“We talked a lot together”, Wendy says. “You sat at the dining table downstairs rather than staying in your little room. Because you explained what you were reading a lot of the time, I gradually learned what it was all about. I enjoyed that.”

Lots of time at home

At first, Romy’s parents didn’t have a clear picture of her on-campus life. “I never had any experience with university, so I had to learn all about it from you”, Wendy says. “But it never seemed like you were spending much time at university, to be honest. I liked it though, you were learning a lot at home.”

“That’s true”, Romy agrees. “I’ve never been the kind of person who wanted to join a student association or anything like that. I only found out about associations when I started studying. I guess it’s different if your parents did go to university. But I thought: why should I join one of those? I just want to learn!”

“I do kind of regret not going to Eureka Week. I didn’t really know what it was”, Romy explains. “If I had a child that was going to university, I’d tell them: you should do that, it’s fun!” Wendy: “We might have been able to tell you that if we’d gone to university.”


Romy’s parents occasionally felt frustrated that they couldn’t help her with her studies. “If you were panicking because you didn’t understand something, like statistics, I’d also feel panicked”, Wendy explains. “I’d be thinking: dammit, why can’t I help her? That made me a bit sad at the time.”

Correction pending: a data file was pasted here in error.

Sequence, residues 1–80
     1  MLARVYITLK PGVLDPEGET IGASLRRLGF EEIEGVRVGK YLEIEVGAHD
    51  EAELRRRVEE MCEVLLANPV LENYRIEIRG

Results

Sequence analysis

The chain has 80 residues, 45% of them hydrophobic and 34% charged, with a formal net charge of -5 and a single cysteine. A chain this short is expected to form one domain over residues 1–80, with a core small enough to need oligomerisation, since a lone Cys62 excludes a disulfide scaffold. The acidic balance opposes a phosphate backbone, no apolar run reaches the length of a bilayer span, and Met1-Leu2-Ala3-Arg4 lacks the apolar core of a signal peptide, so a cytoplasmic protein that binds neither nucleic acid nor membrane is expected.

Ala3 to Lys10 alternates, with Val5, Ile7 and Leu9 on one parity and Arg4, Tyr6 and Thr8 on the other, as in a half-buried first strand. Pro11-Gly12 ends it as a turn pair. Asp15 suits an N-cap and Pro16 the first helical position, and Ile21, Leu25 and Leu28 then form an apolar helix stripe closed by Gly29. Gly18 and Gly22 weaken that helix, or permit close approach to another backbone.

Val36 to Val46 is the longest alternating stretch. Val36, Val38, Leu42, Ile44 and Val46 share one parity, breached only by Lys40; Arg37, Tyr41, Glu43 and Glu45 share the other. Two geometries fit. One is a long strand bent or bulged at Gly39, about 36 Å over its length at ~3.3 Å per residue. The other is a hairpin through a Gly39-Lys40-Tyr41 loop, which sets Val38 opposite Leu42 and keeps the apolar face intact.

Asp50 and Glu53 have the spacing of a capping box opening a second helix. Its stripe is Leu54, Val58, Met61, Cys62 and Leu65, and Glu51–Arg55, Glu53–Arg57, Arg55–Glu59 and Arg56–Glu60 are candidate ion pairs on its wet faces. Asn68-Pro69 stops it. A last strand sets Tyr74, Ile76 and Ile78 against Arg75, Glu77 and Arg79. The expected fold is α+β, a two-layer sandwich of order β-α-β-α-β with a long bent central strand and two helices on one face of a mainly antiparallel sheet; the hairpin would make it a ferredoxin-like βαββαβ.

“At some point, you were so far along in the degree programme that we couldn’t help you anymore. It’s also a completely different field”, Peter adds. “Also, I didn’t have enough time to delve into the statistics textbook. That felt a bit frustrating.”

“You don’t always have to know how everything works, that’s just not possible”, Romy says. “You’ve always supported me in so many other ways.” She remembers her mother helping her cram for an examination at the dinner table. “I’d give you a list of terms so you could quiz me”, she says. Wendy: “It didn’t matter whether I understood them or not.”

Romy would also regularly explain what she had learned. “We’d go for a sandwich together at lunchtime and I’d talk about a patient case study I’d just read.” “You learn things more effectively if you have to explain them to another person. You helped me simply by listening.”

“It was interesting to hear about those cases”, Wendy says. “I’d have liked to have studied something like you did, something to do with helping people.”


Her father wasn’t home as much because of his work, but read both her theses. “I remember you didn’t entirely understand my master’s thesis, but you still read it all the way through and checked the spelling”, Romy adds.

Peter: “I enjoyed seeing what you’d been working on all this time.”

“And seeing what you’d been paying for all those years!” Romy jokes. “I don’t have any student debt thanks to you guys, which is great.” Wendy: “We started living on less because we wanted to make sure you could start your career without any debt.”

“I’m lucky I was born into this family,” Romy says. “I’m so lucky to have you. You may not have gone to university, but you helped me get an education by motivating me and supporting me financially. You need to work hard at university, but it’s also a matter of luck.”